“Unfortunately, they told me the volume of collagen that could be extracted from a sea cucumber harvest is low compared to what can be extracted from cow hides and pig skins,” says Senadheera. Senadheera and her team quickly realized, even after scaling up the collagen extraction process, they wouldn’t meet the commercial quantities required by a cosmetics company.
Senadheera felt dejected. But Dal Innovates coordinators Mike Carew and Spencer Giffin encouraged her not to give up. With their guidance, Senadheera adjusted her customer discovery. She speculated, “Maybe other bioactive sea cucumber compounds could be a viable and natural substitute for the synthetic products currently on the market?”
Pivoting to pharmaceutical and nutraceutical opportunities
In addition to collagen, the team identified a range of valuable compounds – phenols, flavonoids, and chondroitin sulfate – with diverse medicinal functions including anticancer, antioxidant, antihypertensive, and anti-inflammatory properties. These novel compounds could be the building blocks for new drugs or functional foods, both of which are multibillion-dollar industries.
More customer discovery work was needed to gauge the interest of the pharmaceutical and nutraceutical industries. Dal Innovates instructors Gillian McCrae and Permjot Valia helped Senadheera reach out to professionals from around the world through LinkedIn and Facebook. “Initially, I was reluctant to conduct interviews, but the people I spoke to were open to helping me as a student. They even gave me referrals.”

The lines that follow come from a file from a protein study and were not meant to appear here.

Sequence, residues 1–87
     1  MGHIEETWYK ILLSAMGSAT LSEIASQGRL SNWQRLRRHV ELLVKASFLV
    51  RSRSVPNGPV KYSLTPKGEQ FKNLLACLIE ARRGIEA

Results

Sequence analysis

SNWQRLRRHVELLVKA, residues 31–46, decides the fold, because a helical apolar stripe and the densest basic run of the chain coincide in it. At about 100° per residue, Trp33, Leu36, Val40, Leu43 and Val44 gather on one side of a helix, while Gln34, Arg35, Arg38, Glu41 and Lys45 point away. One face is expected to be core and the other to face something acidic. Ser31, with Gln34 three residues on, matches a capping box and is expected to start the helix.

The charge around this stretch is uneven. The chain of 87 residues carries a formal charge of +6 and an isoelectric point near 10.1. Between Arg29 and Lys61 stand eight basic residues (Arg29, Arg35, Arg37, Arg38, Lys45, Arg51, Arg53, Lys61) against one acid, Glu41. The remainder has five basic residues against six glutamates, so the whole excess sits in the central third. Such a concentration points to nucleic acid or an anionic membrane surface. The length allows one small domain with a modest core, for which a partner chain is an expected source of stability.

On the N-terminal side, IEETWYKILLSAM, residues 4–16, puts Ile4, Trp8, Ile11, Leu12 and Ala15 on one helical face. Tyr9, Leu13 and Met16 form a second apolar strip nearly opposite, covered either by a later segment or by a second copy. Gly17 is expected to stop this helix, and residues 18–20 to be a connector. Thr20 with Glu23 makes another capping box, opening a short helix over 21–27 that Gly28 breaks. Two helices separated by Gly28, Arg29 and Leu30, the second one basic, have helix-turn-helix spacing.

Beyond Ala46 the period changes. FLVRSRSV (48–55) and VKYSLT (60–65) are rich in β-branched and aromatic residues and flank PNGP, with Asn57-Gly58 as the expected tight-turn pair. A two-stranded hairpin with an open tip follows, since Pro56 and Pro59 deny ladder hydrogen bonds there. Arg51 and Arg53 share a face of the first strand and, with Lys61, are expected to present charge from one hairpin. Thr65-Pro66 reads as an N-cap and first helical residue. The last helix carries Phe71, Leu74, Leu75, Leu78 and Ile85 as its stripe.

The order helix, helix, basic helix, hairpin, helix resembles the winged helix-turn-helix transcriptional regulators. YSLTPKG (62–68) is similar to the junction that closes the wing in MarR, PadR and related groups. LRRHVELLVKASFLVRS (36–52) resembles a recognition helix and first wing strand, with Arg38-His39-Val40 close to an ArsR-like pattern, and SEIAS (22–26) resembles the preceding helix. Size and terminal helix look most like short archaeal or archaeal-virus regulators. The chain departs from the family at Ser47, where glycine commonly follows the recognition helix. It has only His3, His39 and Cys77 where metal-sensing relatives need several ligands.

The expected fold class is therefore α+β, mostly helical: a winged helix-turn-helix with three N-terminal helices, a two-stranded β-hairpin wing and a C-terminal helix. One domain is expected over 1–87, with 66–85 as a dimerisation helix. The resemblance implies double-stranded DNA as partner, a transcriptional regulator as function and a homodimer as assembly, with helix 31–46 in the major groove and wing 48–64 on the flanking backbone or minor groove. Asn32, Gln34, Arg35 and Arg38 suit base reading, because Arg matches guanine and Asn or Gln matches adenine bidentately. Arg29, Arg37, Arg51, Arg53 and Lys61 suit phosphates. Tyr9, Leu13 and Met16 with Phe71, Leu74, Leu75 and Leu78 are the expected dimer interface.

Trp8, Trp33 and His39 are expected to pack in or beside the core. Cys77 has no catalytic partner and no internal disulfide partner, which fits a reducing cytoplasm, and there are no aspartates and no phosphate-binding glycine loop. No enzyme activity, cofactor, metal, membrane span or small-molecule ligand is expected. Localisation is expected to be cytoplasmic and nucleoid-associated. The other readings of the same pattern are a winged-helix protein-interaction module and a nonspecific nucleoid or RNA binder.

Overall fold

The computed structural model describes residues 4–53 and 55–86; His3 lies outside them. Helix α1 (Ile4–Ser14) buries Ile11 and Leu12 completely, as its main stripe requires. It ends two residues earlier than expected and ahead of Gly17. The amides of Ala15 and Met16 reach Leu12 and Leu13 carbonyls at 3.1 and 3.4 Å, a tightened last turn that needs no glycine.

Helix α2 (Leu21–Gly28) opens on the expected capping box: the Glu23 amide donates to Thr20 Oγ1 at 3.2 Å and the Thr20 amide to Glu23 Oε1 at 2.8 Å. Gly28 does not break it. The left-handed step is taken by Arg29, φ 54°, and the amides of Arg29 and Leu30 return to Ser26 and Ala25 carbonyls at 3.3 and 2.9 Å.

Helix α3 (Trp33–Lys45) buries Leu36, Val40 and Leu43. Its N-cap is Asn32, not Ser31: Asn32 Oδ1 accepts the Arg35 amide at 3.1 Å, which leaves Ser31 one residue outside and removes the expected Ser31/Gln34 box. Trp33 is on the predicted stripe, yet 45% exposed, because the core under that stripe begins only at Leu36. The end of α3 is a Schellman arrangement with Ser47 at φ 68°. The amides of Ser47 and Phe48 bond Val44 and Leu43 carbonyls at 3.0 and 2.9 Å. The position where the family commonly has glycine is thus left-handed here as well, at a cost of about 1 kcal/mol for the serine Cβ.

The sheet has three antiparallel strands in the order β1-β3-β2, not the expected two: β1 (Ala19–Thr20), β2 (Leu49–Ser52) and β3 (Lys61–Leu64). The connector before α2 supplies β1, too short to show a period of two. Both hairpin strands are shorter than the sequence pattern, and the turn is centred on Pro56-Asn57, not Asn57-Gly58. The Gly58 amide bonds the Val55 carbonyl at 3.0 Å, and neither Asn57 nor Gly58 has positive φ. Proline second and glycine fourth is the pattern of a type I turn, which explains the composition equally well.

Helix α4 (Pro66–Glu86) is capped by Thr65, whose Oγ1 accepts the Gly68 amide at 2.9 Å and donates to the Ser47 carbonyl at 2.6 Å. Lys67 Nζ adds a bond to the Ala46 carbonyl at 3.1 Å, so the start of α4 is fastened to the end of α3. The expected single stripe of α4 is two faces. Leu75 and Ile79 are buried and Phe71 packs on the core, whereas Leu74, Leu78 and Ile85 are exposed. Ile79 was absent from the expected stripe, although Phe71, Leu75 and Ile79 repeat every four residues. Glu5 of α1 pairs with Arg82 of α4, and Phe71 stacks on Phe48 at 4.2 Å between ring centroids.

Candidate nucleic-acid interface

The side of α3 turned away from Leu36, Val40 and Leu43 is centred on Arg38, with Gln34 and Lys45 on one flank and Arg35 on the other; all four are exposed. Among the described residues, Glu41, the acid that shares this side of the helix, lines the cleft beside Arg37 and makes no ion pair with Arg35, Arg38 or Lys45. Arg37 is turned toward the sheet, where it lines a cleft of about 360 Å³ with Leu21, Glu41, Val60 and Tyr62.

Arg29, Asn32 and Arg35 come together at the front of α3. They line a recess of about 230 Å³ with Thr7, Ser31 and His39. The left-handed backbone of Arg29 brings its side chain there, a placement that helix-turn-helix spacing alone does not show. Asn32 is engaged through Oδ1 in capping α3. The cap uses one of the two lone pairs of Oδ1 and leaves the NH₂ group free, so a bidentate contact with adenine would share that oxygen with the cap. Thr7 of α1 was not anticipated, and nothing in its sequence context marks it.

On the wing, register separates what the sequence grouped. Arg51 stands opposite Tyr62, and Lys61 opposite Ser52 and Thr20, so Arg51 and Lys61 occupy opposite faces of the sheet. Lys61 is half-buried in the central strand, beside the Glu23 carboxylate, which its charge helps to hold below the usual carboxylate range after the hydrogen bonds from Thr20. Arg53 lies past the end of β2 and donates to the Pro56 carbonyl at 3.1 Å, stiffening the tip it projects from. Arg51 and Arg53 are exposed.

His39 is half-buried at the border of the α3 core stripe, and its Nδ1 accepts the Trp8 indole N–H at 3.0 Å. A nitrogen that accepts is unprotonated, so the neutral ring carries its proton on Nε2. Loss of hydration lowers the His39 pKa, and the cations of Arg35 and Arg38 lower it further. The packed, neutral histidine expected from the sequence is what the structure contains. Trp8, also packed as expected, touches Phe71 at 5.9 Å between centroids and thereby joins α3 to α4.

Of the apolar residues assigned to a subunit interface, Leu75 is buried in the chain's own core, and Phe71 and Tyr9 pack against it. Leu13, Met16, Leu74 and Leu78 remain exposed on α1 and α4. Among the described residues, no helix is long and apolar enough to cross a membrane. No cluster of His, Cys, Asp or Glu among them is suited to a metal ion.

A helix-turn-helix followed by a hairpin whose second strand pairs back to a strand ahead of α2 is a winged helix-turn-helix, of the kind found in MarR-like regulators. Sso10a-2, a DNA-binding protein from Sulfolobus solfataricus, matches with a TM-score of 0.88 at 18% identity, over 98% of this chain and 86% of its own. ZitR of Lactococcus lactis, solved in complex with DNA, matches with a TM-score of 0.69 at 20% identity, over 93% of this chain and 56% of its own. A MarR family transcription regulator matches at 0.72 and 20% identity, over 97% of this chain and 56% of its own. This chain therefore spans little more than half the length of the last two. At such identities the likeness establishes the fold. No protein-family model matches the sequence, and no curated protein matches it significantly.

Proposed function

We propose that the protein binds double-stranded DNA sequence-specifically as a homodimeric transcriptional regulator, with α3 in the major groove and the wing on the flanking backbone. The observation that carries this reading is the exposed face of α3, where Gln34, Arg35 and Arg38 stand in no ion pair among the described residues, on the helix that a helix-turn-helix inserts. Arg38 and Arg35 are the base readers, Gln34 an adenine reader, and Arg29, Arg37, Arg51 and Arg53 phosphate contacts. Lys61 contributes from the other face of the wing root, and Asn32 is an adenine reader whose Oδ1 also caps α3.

In explaining the bioactive properties of the sea cucumber, Senadheera learned that industry was very interested in developing natural, marine-based products. “They even asked us to conduct in vitro studies to see if we could grow the bioactive molecules from cell cultures in our lab,” she says.
Dal Innovates motivates
“As a scientist, I’m trained to narrow my path and focus my discoveries on specific bioactive properties,” says Senadheera. “In just three months, Dal Innovates taught me to expand my focus and look at what the real-world needs.”
Senadheera has also broadened her career focus. She has moved to Toronto and is looking for post-doctoral opportunities in industry. “I feel I have a lot to offer industry,” she says. “The boundaries are limitless.”
Researchers at the Centre for Aquaculture and Seafood Development plan to partner with sea cucumber processors to develop scaled-up extraction procedures. Not only does recovering high-value compounds from byproducts result in added revenue for a processor, it offers a solution for their waste disposal too.
Senadheera is thrilled with the progress she and her team have made. “We are taking another step closer to using all parts of the sea cucumber and optimizing our valuable marine resources,” she says.
The unique bioactive properties of the North Atlantic sea cucumber could also pave the way for new cancer treatments or health food supplements. “It not clear whether we’re going to be a supplier of raw materials or whether we will produce a product for resale,” says Senadheera.
What Senadheera is sure of is, in order to get a slice of these multibillion-dollar industries, collaboration will be the key. “I’ve learned to think outside the box, understand what potential customers need, and then figure out what we could provide.”